Thursday, February 20, 2014

Had Enough?

With the two to three times a week snow storms ranging from feet of light fluffy snow to several inches of frozen rain / sleet / wet snow mix the question that New Englanders are asking each other is, "Have you had enough winter yet?".

Personally, I'm rolling with the punches. When it's nice I've gone in search of the visiting Snowy Owls. When it snows, I stay in and clean up the backlog of photos from the summer waiting to be processed. (You can't underestimate what an afternoon spent with photos of Piping Plovers, Loons, or Tree Swallows in beautiful sunlight will do to improve your disposition.)

Unfortunately, that means that I have been ignoring Great Meadows. While it can be interesting in the winter, I must admit visiting is a bit more work in the winter, than it is on a warm summer's morning.

At first glance you might think that the refuge is closed for the season, since many of the sights are buried in snow.

Light Chronicle | Photography: GM20140220 &emdash;

Light Chronicle | Photography: GM20140220 &emdash;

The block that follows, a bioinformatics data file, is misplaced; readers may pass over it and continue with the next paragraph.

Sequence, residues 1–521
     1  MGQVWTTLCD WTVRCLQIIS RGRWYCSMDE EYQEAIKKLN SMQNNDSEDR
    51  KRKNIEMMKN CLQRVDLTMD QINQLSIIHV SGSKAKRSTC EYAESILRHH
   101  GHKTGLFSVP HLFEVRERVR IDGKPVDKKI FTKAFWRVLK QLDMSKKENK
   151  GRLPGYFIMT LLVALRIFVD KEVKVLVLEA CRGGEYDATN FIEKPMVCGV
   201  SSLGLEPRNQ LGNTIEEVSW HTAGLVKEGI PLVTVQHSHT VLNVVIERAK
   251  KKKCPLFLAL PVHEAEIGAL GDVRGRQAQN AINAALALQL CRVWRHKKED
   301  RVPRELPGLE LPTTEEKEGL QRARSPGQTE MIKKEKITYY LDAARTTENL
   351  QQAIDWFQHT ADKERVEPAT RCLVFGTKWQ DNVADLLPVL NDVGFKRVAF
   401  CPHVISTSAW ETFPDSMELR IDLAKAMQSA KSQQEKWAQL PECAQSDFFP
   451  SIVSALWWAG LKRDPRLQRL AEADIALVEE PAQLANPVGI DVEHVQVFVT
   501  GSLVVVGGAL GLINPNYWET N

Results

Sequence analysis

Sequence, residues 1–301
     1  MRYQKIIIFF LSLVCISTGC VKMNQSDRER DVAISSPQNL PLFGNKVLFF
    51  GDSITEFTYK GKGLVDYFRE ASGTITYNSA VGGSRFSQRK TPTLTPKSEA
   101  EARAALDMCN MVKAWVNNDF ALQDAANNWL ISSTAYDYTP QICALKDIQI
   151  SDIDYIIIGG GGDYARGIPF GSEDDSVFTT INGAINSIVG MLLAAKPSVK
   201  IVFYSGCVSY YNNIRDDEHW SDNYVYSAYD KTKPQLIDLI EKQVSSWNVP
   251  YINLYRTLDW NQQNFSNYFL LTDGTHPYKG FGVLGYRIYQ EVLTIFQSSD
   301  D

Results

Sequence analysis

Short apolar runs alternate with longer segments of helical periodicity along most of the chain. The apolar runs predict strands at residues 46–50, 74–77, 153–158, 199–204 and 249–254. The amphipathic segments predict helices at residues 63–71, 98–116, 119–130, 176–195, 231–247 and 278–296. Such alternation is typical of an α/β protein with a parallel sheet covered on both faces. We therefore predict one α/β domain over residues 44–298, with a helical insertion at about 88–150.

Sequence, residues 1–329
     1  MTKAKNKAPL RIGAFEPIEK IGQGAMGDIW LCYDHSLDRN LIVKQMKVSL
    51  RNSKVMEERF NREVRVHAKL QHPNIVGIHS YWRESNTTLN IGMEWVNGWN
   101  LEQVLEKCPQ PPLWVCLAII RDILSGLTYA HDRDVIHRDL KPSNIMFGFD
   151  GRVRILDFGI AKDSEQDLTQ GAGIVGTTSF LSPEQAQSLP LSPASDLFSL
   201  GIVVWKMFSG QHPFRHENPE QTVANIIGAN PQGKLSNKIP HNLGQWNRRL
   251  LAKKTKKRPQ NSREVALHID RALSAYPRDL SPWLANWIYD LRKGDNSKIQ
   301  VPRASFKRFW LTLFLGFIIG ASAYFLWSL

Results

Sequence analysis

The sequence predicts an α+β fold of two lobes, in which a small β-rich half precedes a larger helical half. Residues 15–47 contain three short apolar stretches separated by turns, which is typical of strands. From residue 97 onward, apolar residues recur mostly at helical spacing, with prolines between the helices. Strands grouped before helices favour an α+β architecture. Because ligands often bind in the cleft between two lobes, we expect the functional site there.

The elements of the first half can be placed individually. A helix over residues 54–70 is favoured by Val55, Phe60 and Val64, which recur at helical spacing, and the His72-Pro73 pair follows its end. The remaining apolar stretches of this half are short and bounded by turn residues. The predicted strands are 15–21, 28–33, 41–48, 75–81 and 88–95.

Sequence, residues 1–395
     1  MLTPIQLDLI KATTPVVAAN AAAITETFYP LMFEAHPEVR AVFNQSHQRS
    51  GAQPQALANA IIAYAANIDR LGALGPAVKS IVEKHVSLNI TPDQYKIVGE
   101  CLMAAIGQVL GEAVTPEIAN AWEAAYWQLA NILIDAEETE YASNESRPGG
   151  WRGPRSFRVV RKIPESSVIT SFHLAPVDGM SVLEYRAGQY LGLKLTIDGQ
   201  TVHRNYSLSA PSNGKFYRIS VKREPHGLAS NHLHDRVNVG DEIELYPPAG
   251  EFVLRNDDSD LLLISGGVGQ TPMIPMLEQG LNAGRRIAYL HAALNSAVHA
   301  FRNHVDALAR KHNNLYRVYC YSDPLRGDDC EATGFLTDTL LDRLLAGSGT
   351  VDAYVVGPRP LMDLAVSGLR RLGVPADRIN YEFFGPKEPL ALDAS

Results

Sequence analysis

But the morning after the overnight snow has a certain beauty while the trees are still frosted with snow. (Just don't be standing under neath one as the snow starts to melt.)

Light Chronicle | Photography: GM20140220 &emdash;

Light Chronicle | Photography: GM20140220 &emdash;

Light Chronicle | Photography: GM20140220 &emdash;
Great Meadows version of moguls in support of our winter olympians

Light Chronicle | Photography: GM20140220 &emdash;
With so much snow it's packed everywhere

But as you start to walk around you will see evidence of wildlife everywhere.
Light Chronicle | Photography: GM20140220 &emdash;
The stealthy tracks of the coyote. (Do you notice they rarely walk in a straight line?)

Light Chronicle | Photography: GM20140220 &emdash;
Like old time Yankees, the woodpeckers aren't bothered by a little snow and cold

You'll find lots of "feeder birds" - Chickadees, Tufted Titmouse, Nuthatches and your occasional Goldfinches in their drag brown winter wear. But occassionally you'll run into something special like this Golden-crowned Kinglet that will bring a smile to your wind-chapped lips. It's bright yellow/orange cap brings a bit of color to the otherwise desaturated winter landscape.
Light Chronicle | Photography: GM20140220 &emdash;

Light Chronicle | Photography: GM20140220 &emdash;

So we persist and carry-on. We know that February is almost over. Winter may have a few more punches. While they may hurt, the pain won't last. Soon the migratory birds will be returning. While they are enjoying their warm environs and contemplate the long journey to their summer homes, you have to know that the snowbirds are wondering if this is what they are returning to.
Light Chronicle | Photography: GM20140220 &emdash;

Note: You can always click on any of the images to see this post's album of large size images.